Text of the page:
This is an intersection in Westcliff West. What do you see? Comfortable homes: Two houses have swimming pools; another house has a formal garden in the back yard.
The intersection is Somerset Lane and Arundel Avenue.
This is the house at that intersection. What do you see? A Cape Cod-style house with the characteristic flat-faced two-story main block and a dormered one-story wing. But there is more to this house: This house is a product of the golden age of Hollywood, when the names of movie studios (RKO, Paramount, MGM, Warner Brothers) were household names, along with the names of producers (Selznick, Hughes, Meyer, Zanuck) and of directors (Hitchcock, Wilder, Capra, Kazan), when even movie theaters themselves (such as our Palace, Hollywood, and Worth on 7th Street) were attractions.
And if you roll down your car window in front of that house on the corner, you can almost hear the voices of three stars of the golden age of Hollywood: Cary Grant, Myrna Loy, and Melvyn Douglas.
In 1948 Grant, Loy, and Douglas starred in Mr. Blandings Builds His Dream House. Plot: Grant, Loy, and their two daughters (the Blandings) are living in cramped rental space in Manhattan when they decide to move to an old house in the Connecticut countryside. When they discover that the old house is not worth restoring, they tear it down and begin building a new house. The blueprints for their dream house quickly become blueprints for frustration. Enter Murphy’s law, with which anyone who has ever built a house is all too familiar. The Blandings watch costs and complications escalate. But by the time “The End” flashes on the screen, Mr. Blandings has indeed built his dream house.
But Hollywood was not content just to make a good movie with three stars. Producer David O. Selznick and the General Electric company teamed up for one of most unusual and extravagant publicity campaigns in Hollywood history. To promote Mr. Blandings before its release, RKO built more than sixty replicas of the Blandings dream house in major cities, including Fort Worth, Dallas, Austin, Houston, and Amarillo. General Electric supplied the appliances. The houses were fully furnished and decorated. And not on the cheap. At the corner of Somerset and Arundel no corners were cut.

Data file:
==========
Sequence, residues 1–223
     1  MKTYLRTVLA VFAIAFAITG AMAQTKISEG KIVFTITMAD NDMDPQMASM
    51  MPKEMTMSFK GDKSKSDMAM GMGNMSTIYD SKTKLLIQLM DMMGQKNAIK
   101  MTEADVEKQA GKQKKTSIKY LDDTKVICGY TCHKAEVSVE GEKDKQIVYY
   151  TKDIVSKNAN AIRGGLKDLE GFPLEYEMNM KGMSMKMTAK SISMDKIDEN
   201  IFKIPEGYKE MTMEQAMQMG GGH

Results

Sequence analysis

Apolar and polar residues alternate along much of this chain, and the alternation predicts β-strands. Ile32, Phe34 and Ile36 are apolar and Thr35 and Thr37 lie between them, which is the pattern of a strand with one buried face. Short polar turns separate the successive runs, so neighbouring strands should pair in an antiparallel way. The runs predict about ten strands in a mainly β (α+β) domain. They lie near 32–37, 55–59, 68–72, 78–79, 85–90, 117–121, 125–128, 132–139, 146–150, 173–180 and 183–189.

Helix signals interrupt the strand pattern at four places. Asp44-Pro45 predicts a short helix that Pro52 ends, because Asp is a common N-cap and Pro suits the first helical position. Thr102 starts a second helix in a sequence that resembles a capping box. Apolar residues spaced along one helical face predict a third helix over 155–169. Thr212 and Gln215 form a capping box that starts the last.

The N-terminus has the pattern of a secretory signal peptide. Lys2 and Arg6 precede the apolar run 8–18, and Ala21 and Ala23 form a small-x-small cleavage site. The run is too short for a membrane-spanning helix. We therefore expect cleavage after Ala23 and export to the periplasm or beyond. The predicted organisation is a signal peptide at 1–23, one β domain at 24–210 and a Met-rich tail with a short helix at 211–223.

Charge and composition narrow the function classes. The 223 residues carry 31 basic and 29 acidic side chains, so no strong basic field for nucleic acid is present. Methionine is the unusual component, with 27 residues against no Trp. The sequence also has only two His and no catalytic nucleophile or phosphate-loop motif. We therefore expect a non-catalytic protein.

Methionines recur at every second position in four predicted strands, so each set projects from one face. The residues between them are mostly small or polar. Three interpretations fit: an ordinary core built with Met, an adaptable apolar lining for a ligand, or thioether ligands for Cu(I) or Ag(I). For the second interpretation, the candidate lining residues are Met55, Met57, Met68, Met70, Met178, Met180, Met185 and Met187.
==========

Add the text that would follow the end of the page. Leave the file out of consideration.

RKO and GE blanketed the media in cities where the replica houses were built. Entertainment columnists plugged the houses and the movie. Newspapers interviewed the architects and builders of the houses, ran stories and photos and ads about the décor, the push-button appliances, the color schemes. There were cocktail parties and open houses. Organizations such as Junior Leagues provided hostesses for the dream houses during public tours. Stars of the movie made guest appearances at the houses.
On May 7, 1948, the Fort Worth Press ran this ad by McConnell Construction Company, builder of the Fort Worth Blandings house.
On July 7 Press entertainment columnist Jack Gordon wrote: “Fort Worth’s own ‘Mr. Blandings Dream House,’ at Somerset Lane and Arundel Ave., will be unveiled for the press with a cocktail party 5 to 7 p.m. today. The house is a duplicate of that featured in the RKO movie of the same name.”
After the movie premiered in September and the dream houses had served their purpose, they were sold, some by raffle. Like the Fort Worth dream house, several others are still standing, some with original furnishings.
The first owner of the Fort Worth house was Val D. Scroggie, a physician. In 1937 Dr. Scroggie had been one of the doctors who had treated victims of the New London (Rusk County) school explosion, which killed about three hundred and injured as many more. In the 1950s Scroggie began racing cars. After he died in 1961, the Sports Car Club of America established the Val D. Scroggie Award, given annually to the racing physician who makes the greatest contribution to automotive medicine and race safety.
Dallas gave more media coverage to its Blandings house than Fort Worth gave to its Blandings house. Throughout the summer of 1948 the Dallas Morning News ran stories about the Dallas dream house on Walnut Hill Lane in Preston Hollow. General Electric ran full-page ads.
The dream houses were all-electric, and Reddy Kilowatt was all smiles in this ad by Dallas Power and Light.
The Dallas Morning News ran full-page ads about the companies that provided the furnishings and fabrics of the Dallas dream house.
And what of the Dallas Blandings house after the publicity blitz ended? The house was still standing in 2012 when I began researching the Fort Worth Blandings house but has since been torn down. (More on the Dallas house at Flashback: Dallas.)
And what of the original dream house built for the movie? It still stands on the old Fox Ranch, now part of Malibu Creek State Park in California.
(Thanks to Harry Max Hill for his help.)